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I Feel Lucky

By Jayne Waterford
Copyrighted © Jayne Waterford, 2014 Revised 25th May 2014 Revised 26th May 2014


Never since I studied Koina Greek have ever seen such a wealth of information so fabulously systematised. Bryan Singer's "X-MEN: DAYS OF FUTURE PAST" (2014) is awesome. I found myself relaxing and enjoying the film :) In fact I left half way through so I could come back tomorrow and start again.

Sky born buildings from Garth Jennings' "THE HITCHHIKER'S GUIDE TO THE GALAXY" (2005) deliver sentinels to exotic locations in a war torn world the texture of Joseph Kosinski's "OBLIVION" (2013) or McG's "TERMINATOR SALVATION" (2009) and memorable faces burn to cinder at their hands.

In a tight segment at the opening of "X-MEN: DAYS OF FUTURE PAST" (2014) that is as tight as any story told on screen, Bryan Singer explores the terminator legacy left to us by James Cameron in his "TERMINATOR 2: JUDGMENT DAY" (1991). Machines burn inside as if they are the heirs of the destroyer of Asguard in Kenneth Branagh's "THOR" (2011) and are built like barbie dolls. Mutants

amaze us with concepts large enough to make projecting someone's consciousness into their young body seem, pft, easy. I am particularly impressed with Blink (Bingbing Fan)'s ability to rip holes in the air that are portals to other locations.

Probably the only concept that really asked too much of me was that the sentinels could adapt to any mutant gift. Any! No matter how fabulous could be mimicked by this technology, by technology built on Raven's DNA. That and the confusion between Logan's physicality and mind snapping back, making him the only illegible mutant for projection back to 1973. It was nice to see how powerful the Wolverine (Hugh Jackman) truly is. In 1973 he was immutable to Magneto's power. His hand weapons were made of bone. It was impressive, "though disgusting" - Peter (Evan Peters).

The biggest giggle was Peter's essential role in the liberation of Magneto from under the Pentagon after the manner of Hammy, voiced by Steve Carell in Tim Johnson & Karey Kirkpatrick's "OVER THE HEDGE" (2006). This guy moves fast and even has a slight issue in pacing his speech so it comes out straight in real time. He's such a cute character. Everyone loves him. His, "father," potentially, picks up pots, knives and pans with which to annihilate security and the kitchen staff. Peter tears around in a manner,

fast enough to redirect all of the speeding bullets, poising men to knock themselves out and be hamstrung by wedgies. All the while Peter samples the cooking and positions himself for best advantage.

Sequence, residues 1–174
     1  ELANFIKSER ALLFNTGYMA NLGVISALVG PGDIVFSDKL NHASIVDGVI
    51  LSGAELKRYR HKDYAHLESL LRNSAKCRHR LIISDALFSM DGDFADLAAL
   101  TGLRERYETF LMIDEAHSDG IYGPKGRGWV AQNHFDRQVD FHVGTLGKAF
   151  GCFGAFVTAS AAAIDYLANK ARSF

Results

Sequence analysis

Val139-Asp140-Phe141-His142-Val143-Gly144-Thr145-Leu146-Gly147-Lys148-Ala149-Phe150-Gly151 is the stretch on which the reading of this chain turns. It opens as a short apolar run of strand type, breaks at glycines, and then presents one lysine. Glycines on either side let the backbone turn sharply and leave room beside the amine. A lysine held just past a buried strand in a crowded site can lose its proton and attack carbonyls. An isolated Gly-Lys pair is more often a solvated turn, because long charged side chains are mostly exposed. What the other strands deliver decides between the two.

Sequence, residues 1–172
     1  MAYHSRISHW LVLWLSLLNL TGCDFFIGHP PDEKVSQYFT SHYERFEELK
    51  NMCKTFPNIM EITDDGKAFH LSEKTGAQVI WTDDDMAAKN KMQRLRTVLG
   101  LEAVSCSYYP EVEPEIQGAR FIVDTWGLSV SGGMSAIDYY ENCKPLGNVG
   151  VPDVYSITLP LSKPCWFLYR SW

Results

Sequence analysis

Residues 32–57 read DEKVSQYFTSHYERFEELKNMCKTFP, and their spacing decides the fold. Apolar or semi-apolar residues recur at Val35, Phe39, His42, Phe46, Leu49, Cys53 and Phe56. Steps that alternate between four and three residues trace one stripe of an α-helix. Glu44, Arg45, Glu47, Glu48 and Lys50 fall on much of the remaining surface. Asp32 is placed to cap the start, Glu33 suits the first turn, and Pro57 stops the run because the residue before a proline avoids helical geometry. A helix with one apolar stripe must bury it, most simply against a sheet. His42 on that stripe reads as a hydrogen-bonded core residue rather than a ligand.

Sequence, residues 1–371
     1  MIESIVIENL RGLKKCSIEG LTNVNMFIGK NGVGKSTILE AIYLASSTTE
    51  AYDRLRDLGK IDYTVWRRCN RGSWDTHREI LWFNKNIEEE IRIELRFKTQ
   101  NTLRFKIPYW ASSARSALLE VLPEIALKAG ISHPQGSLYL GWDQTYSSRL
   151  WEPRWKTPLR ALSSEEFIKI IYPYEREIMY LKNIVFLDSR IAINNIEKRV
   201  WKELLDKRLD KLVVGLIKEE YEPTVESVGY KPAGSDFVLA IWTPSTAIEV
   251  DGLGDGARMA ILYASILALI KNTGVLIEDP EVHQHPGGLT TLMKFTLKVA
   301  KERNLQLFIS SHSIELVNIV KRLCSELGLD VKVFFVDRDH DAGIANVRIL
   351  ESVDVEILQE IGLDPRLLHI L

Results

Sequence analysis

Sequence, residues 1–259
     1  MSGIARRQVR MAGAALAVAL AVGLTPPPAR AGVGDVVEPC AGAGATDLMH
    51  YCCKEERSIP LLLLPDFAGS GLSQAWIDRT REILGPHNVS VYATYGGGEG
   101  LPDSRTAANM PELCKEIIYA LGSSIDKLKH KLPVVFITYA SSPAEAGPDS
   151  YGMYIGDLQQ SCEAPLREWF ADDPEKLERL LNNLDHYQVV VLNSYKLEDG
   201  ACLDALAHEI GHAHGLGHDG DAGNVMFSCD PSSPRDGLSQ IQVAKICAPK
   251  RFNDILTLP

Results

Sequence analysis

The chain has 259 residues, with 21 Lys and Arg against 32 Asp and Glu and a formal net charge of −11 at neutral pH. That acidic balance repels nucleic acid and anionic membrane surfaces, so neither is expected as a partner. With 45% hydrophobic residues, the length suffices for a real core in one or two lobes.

Vietnam, Nixon's character (known as a man whom nothing could be put past and could credibly be working with Trask (Peter Dinklage, who was awesome as a non-dwarf specific guy) who is out to use our mutants), the sound and joy of the very happening 70s, JFK and the joke of the curving bullet. It's all there resoundingly. Singer incorporated it all effortlessly. Perhaps he was wind assisted by his writing team which included the great director Matthew Vaughan ("STARDUST" (2007)): expert in feeling real.

We find things out. The Wolverine may have a name in his youth. Jimmy or Timmy. Charles Xavier was a happening guy when he was young. Despite being Scottish James McAvoy can play a happening guy. The pyramids were built by a mutant in apocryphal times in a desert, which was a very exciting coda and well worth hanging around until the end of the scrolling titles for.

I heartily recommend this movie. 10/10

Copyrighted ©: Jayne Waterford, 2014.

Bryan Singer's

Director Bryan Singer
Producers Simon Kinberg, Hutch Parker, Lauren Shuler Donner, Bryan Singer
Stars Jennifer Lawrence (Raven / Mystique), Peter Dinklage (Bolivar Trask), James McAvoy (Charles Xavier), Michael Fassbender (Erik Lehnsherr / Magneto - young), Nicholas Hoult (Hank McCoy / Beast), Hugh Jackman (Logan / Wolverine)
Release Date 22nd May 2014
Category Sequel Action Adventure
Running Time 130 minutes (2 hours, 10 minutes)
Rating G
Origin USA
Coda YES! Best Coda EVA! A pasty blue mutant worshiped by masses in a desert assembles pyramids while the four horsemen look on. It's thrilling.
Distributor 20th Century Fox
Official Blurb "" - 20th Century Fox PR